Some time ago I posted here about a story I had written for children and my ambition to "get it out there" - as a result of which I illustrated it myself - despite my wanton lack of talent as an artist. Since then I have spent far too much time learning the subtleties of Microsoft Paint, Powerpoint, PDF creation and how to use HTML(?). Indeed.
The end result is "Tess and the Seaside Girl" - an e-book for 4-8 year olds, replete with nostalgic prose and pictures that will appeal to anyone who has longed for a friend for the holidays.
Tess' story is, I think, one with universal appeal. Timeless and ageless and culture crossing. While I risk sounding even more self-promoting than usual, I have realised that if I want to generate a following for my writing, ideas or work, then I have to tell you what is in it for you.
So I will tell you a story to make my point.
Do you ever consider what sort of story yours would be if you were telling it for the big screen? Or the little screen, for that matter?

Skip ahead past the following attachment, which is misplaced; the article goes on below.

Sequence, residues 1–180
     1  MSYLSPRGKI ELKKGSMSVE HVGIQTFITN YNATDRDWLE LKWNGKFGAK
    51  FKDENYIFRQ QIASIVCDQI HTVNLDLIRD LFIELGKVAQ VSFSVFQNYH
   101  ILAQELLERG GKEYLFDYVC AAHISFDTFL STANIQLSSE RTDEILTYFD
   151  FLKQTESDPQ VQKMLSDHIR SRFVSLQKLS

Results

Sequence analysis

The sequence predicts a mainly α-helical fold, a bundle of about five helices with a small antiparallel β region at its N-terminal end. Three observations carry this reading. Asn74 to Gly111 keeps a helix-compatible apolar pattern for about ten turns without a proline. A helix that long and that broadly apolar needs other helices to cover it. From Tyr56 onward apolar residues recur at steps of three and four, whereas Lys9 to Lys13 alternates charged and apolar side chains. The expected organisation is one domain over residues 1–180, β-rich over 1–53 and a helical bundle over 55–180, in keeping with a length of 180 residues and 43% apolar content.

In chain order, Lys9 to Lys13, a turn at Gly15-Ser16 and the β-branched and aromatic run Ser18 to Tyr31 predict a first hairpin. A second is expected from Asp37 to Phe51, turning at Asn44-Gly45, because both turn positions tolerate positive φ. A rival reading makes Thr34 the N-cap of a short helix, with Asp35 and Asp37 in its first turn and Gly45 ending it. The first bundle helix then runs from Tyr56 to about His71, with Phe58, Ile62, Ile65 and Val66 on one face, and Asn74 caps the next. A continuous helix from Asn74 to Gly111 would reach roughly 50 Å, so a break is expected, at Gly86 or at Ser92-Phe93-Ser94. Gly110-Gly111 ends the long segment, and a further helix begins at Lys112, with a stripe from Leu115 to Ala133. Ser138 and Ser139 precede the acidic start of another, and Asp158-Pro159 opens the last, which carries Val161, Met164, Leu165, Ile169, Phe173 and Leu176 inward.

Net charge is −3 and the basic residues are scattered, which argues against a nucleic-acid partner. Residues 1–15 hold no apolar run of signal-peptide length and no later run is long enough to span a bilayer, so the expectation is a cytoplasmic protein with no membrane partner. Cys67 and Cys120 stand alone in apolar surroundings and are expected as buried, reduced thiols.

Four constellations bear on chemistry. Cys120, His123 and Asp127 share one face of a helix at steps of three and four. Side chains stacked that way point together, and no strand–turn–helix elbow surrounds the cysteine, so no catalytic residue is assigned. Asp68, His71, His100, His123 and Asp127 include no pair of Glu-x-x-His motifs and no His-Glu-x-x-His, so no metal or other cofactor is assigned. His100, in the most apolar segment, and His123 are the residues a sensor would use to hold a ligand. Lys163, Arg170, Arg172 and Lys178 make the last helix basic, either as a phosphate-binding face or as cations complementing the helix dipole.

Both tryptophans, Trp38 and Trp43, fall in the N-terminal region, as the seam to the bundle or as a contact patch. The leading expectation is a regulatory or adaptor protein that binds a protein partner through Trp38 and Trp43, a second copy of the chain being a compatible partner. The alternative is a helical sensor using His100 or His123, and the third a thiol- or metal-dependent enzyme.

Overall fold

Some time ago I worked in a very eccentric office. We were the lawyers who drafted the legislation that wound up becoming the laws of the Commonwealth of Australia, so you can imagine just how eclectic a group we might have been. Being young and fun and full of ideas, I (together with another lawyer/good friend) scripted some episodes of "OPC (Office of Parliamentary Counsel)" - you know the sort of thing - "Ally McBeal" meets "The Office" meets "Yes Minister". The scripts and the plots lines were nowhere near as amusing as the casting though. Naturally, someone bright, attractive and classy - out of the reach of all Hollywood slander and gossip - was to play me. I cannot remember who it was, to be frank...